Spring 2015 – Reboot your resolutions

It is officially the first day of spring, and almost a quarter of 2015 has already flown by! Can you believe it? I know I can’t – three months into the New Year already? How on earth did that happen?

And where, oh where, have my New Year’s resolutions flown off to? I can tell you one thing, they didn’t stick around very long. Am I the only one feeling like I’m letting myself down, just a little bit, going back to my old habits so quickly after swearing to make a change? I’m not saying many things needed changing or that not keeping up with my resolutions means I’m no longer leading a healthy life…but somewhere along the way, I stopped trying to form new habits that I’m pretty sure would have left me just a little happier overall.

I’m a big fan of symbolism, so for the first day of Spring, I’ve decided to dust off my resolutions and bring them out of the box I shoved them in early February. For anyone who feels like they want to give new habits a try, here’s my 5-step guide to getting back on track:


Life gets a little bit crazy sometimes, we all have so much to do and finding the right balance is HARD, especially when you’re trying to do all sorts of new things at once. Once something becomes a habit, it’s easier to do, but for the first few weeks, it does take that little extra time and effort, and not being able to keep up with it is ok.

So, firstly, if you’re going to give your resolutions another go, refuse to feel guilty about not getting it right the first time. It happens, and it’s not a big deal. Pick yourself back up, dust yourself off, take a deep breath – and take the plunge.


Making any type of plan takes a little bit of thought: if you’re anything like me, you need to sit down, with a cup of tea, a blank piece of paper and a pen, and just jot down a few things before you can actually implement them in any real way.

So, sit down, write down the things you want to change, why and how you intend to make them change.


Here’s an example from my list: the first thing I want to do is to read more. I used to read loads when I was younger – at one point I would literally read one book a day – and these past few years, I’ve been much more involved in watching movies or series than I have been in reading. I want to read more because I feel it will bring me more peace and balance, and also because I miss reading in general, and the culture it brought me. I intend to make reading a habit by trying to read one book a month, and reading for 20-30 minutes before bed every night.


One of the main mistakes I make whenever I try to change things in my life is that I always try to change everything at once. And I can tell you, this never works out well. At first, everything is fine, but little by little, it all falls apart: as soon as one goal doesn’t pan out and you give up on it, it’s very difficult to keep your motivation going for the others.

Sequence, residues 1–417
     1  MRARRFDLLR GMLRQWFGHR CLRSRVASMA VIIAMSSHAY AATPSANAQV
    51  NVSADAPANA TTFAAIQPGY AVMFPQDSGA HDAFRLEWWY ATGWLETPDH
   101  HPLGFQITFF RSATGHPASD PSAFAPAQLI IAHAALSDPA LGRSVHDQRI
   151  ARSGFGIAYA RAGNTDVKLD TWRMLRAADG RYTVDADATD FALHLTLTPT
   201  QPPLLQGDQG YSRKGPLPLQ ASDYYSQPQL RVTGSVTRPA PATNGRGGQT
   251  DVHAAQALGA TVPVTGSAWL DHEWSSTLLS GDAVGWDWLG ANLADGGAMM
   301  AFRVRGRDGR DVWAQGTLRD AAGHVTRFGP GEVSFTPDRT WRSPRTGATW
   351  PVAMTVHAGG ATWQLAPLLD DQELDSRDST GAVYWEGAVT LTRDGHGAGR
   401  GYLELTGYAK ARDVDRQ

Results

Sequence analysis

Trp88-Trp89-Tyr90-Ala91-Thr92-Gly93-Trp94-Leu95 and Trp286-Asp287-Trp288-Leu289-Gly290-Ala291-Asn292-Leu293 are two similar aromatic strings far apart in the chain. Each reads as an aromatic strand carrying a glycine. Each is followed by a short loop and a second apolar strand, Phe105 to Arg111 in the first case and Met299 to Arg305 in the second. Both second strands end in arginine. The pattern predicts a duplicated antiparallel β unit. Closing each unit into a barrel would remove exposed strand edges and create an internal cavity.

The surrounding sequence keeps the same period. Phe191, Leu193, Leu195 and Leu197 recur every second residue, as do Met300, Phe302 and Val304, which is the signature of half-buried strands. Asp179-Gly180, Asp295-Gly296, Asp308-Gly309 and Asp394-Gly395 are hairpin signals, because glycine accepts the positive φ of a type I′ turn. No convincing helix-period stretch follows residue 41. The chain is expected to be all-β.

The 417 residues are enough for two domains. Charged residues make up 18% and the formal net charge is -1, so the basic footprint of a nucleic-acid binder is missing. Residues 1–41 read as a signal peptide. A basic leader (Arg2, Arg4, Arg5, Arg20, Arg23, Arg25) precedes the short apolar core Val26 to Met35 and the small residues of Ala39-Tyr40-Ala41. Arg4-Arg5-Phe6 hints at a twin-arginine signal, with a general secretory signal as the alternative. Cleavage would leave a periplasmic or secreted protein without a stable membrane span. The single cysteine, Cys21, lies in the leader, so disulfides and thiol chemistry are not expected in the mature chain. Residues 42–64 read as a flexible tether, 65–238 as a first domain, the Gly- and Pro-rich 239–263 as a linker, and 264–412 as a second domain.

The key is to be ambitious – give yourself a real goal – but don’t try to do it all at once. Make sure your goals are achievable, and don’t try to balance 10 life changes at the same time. If you want, for example, to exercise more and eat more healthily, don’t try to go to the gym every single day for an hour and cut out all your favourite “unhealthy” treats at once: instead, try to exercise three times a week and give yourself one food related goal per week: less sugar in your tea, smaller portions, more vegetables, etc.


Reaching a goal or forming a new habit is hard if you don’t allow time for it in your day-to-day schedule. In fact, as we all know, I’m sure, even keeping up with our normal routine can be difficult at times. This is something you need to think about after you’ve decided what goals to strive for: give yourself the time and the energy to accomplish your goals by making time for them every day.

If you’re the kind of person who plans out your day in writing, write it down somewhere: starting today, you’re going to give yourself some time, each day or each week, to strive towards your goal. It doesn’t necessarily need to be much time: start small and build your way up! 5 minutes of daily exercise,  meditation or, hey, reading, can turn into an hour over time.

And last, but not least:


Remind yourself of what you have achieved at the end of each day: focus on the positive, be aware of the changes you are making and the goals you are striving towards.

Although I think projecting yourself into the future can be a very positive tool for change, it is also important to take on each day as it comes. Rome wasn’t built in a day, and you won’t achieve your goals without a little bit of patience and hard work, so take it slowly. Don’t let the potential difficulties you may face along the way discourage you from trying to accomplish your goals or overcome those obstacles.


Header photo credit goes to Tom Bream, find his pictures here.

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